“Do not use good metal to make nails, nor good men to make soldiers”
Kenton Wentwater IV was born into 1850s England, and won a scholarship to Cambridge, then got posted to archaelogical sites in Mongolia. He translated the above admonitiona after finding it on a wall at the ruins of a house he dug up.
“Red” Masters was from the Hill Country Texas. Thpugh College football scouts came to look at him, what Texans valued was military service. With help from the local mayor, this ranchhand was appointed to West Point, where the tuition was a commitment to serve his country.
Lieutenant Masters went to Vietnam in command of a platoon, about 55% would return to the US in one piece. He spent the 1970s and 1980s teaching military history at staff colleges. He retired in 1992 as a Brigadier General, his ascent stymied by disagreements with the White House over how to blunt Saddam Hussein.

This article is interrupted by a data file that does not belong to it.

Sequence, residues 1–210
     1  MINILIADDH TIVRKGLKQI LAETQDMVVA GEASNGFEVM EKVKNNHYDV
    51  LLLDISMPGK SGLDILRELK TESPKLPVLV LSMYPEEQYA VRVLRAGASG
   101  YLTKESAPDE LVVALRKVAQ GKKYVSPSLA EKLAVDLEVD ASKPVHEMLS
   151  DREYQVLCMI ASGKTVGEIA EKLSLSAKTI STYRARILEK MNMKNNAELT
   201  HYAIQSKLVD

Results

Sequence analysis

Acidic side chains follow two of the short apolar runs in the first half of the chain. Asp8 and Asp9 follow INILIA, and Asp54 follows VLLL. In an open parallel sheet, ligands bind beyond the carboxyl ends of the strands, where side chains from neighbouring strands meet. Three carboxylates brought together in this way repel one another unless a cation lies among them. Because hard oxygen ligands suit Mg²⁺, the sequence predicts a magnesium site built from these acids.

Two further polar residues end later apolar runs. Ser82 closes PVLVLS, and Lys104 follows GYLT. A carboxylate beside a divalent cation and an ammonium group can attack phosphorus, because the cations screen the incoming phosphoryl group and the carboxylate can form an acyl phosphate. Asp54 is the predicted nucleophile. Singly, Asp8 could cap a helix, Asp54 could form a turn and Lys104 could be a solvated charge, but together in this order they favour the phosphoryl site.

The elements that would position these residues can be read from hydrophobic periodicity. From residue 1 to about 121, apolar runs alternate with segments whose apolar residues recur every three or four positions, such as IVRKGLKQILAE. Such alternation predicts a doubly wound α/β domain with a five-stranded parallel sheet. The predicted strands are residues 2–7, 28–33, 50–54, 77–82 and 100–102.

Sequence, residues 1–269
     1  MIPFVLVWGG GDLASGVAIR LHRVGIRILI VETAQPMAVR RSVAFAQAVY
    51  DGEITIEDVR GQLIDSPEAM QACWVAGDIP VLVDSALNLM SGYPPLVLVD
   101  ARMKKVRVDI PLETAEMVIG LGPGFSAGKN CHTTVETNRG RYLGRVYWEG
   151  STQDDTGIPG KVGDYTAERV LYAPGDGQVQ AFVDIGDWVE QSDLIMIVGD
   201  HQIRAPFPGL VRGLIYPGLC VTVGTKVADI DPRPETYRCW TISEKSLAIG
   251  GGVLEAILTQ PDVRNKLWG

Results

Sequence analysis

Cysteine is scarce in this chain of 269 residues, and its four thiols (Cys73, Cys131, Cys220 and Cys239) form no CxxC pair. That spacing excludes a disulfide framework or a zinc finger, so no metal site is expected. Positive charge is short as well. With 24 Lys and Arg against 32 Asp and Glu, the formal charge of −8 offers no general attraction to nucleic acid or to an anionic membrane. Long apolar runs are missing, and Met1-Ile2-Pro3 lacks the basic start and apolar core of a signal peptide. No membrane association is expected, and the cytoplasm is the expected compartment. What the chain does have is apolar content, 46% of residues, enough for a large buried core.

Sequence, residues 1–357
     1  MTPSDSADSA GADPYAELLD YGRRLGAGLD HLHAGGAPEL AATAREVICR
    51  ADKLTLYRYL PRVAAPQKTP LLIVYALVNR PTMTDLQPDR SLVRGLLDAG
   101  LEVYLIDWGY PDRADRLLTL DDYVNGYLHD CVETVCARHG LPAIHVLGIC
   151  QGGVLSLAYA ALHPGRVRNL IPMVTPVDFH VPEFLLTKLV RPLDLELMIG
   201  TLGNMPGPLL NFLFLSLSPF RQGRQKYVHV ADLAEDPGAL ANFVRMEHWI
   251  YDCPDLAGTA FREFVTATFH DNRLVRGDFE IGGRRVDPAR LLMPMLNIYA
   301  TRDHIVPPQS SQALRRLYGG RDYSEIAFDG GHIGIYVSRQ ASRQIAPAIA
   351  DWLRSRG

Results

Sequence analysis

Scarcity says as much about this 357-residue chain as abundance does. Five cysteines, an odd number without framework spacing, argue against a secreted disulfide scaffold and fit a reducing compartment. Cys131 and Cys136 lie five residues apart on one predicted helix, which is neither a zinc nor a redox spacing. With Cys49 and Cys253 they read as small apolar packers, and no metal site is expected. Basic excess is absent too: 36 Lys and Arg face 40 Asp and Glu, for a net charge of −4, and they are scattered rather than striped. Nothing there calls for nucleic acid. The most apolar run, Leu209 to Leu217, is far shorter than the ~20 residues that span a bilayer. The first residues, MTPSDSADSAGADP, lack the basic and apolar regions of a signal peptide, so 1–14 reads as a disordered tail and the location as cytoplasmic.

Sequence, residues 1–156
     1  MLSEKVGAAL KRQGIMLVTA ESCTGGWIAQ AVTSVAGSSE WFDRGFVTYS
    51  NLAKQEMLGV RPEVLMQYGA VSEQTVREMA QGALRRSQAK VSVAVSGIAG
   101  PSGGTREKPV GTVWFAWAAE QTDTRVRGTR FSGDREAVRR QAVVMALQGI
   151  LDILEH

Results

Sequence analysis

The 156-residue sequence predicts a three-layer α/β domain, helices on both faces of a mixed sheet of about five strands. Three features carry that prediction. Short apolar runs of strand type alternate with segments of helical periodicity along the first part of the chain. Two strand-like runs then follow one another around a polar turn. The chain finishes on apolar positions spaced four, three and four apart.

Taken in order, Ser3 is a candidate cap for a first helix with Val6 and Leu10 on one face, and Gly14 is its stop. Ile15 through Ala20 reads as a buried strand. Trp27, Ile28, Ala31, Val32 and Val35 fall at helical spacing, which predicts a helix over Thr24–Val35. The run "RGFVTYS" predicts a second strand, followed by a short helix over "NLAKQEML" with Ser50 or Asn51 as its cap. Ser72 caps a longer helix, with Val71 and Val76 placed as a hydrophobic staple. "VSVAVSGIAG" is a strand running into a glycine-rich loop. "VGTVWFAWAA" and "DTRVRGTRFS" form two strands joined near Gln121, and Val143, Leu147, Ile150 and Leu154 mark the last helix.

In demand with security firms, Masters enjoyed being in control of his schedule enough to take sailing trips with his daughters. But in his fifties he began to notice premature symptoms of fatigue.
In 1999 he was diagnosed with a lymphoma that many veterans were experiencing as a result of exposure to defoliants used by the Pentagon to flush out Vietcong.
General Masters watched the battles of Fallujah from hospital beds. He could have told them. He died in 2006.
Wentwater was puzzled by the lack of rust on the nails he had found around the perimeter of where the house had stood, at such intervals as to suggest they had held the roof together. It was almost as if they had been made of gold. But it couldn’t be[MM1] .